When it comes to clean drinking water it’s essential to take every precaution to ensure that your home’s drinking water is as clean as possible. A mistake many people make is assuming that water coming from their taps is as clean as it can be.
Often, when there’s an issue with the plumbing in your home, there’s always the possibility of backflow. Fortunately, backflow testing Melbourne experts perform will help ensure your water is healthy enough to drink.
Some Crucial Facts You Need to Know About Backflow
It’s important to understand exactly what backflow is, how and when your plumbing should be tested for it and how to prevent it. Having a little knowledge about the backflow process in Australia will go a long way toward ensuring your drinking water is safe.
What Exactly is Backflow?
Ordinarily, water flows to a property at a consistent, predetermined pressure. This means the water pressure remains constant and there is no chance of water becoming stagnant in the pipes. If the pressure in the pipes is reduced, contaminated water is drawn back into the water supply.
What Causes Backflow?
The two main reasons for backflow are back-siphonage and backpressure. In general, backpressure occurs when downstream water rises above the required supply pressure. This is sometimes caused by elevation or faulty pumps and valves.
Back siphonage on the other hand occurs when a considerable amount of water is drawn back from the main. This usually happens when there’s a burst water pipe or if firefighters connect to the main to put out a fire. Since it’s a large quantity of water being drawn out at once, it creates a vacuum in the system. This results in possibly contaminated water flowing in the wrong way.
What is The Best Way to Prevent Backflow?
The most common way to prevent backflow is by installing a component known as a backflow prevention device. It works through a combination of valves that stop water from flowing backwards.
How do You Know if Your Property Needs a Backflow Device?
For the most part, residential water pressure is considered too low to require a backflow prevention device. However, it’s a legislative requirement for commercial buildings. Other instances that might require you to have a backflow prevention device are listed below:
- If you use an irrigation system on the property
- Source water from an alternate water supply
- Have water outlets that are close to chemicals, grease taps or pollutants
- Make use of industrial or commercial equipment that could pollute the water supply (air conditioning, chemical cleaning areas or cooling towers)
How Often Should a Backflow Preventor be Tested?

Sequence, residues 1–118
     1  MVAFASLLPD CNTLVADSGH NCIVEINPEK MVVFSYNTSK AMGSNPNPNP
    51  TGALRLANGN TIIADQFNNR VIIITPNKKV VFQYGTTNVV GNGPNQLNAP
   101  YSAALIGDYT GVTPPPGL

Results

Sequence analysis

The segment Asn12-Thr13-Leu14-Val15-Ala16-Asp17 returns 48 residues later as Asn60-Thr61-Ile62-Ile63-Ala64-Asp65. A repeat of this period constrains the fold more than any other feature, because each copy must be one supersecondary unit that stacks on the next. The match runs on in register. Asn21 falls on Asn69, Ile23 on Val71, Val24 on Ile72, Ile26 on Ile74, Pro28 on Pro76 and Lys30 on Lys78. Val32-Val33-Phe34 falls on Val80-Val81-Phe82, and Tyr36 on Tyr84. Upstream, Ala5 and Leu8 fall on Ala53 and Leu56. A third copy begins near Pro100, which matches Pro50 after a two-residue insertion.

Your backflow preventer should be tested every 12 months. The result of each test needs to be submitted to the relevant water authorities.
What Does Testing the Backflow Device Involve?
An accredited mechanical plumber performs backflow testing that includes opening and closing various valves to check for irregularities. The plumber completes a report which needs to be submitted to your local water authority. The cost of the test depends on the size of the job that needs to be done, so be sure to get a quote first.
The device fitted depends on the level of risk to the area. Properties who have direct exposure to chemicals, grease or other toxins will have a more complex system installed. Some of the devices a mechanical plumber could install to prevent backflow include the following:
- Reduced pressure zone
- Dual check
- Single check
What Diseases Can You Contract from Backflow Water?
The regulations regarding backflow testing are so stringent because of the host of diseases that can be spread through contaminated water. Some of the more common diseases include cholera, typhoid, polio, dysentery and diarrhea. According to statistics from the World Health Organization (WHO), an average of 485 000 people die from drinking contaminated water each year.
Why Should Commercial Properties have Backflow Testing?
Since commercial buildings have increased water pressure and can serve so much more people, it can be dangerous for even one property to have a faulty backflow system. Think for instance of a restaurant that serves and cooks in water to have this type of problem. Imagine the impact it could have on the community!
Aside from health reasons, commercial buildings should also consider the following implications of a faulty backflow system:
- Liabilities and medical bills from infected people
- Criminal liabilities from the relevant water authorities
- They’ll also be responsible for water pollution which could affect a lot of people
Since Australian regulations have made it a criminal offence to neglect backflow testing and prevention, there’s no question that it needs to be done. From a health perspective, you don’t want to put your family, employees or community at risk by exposing them to contaminated water.
Don’t neglect this aspect of your property maintenance. Get a reputable plumbing service to perform annual backflow testing. Doing this will keep the water safe for everyone to drink and use!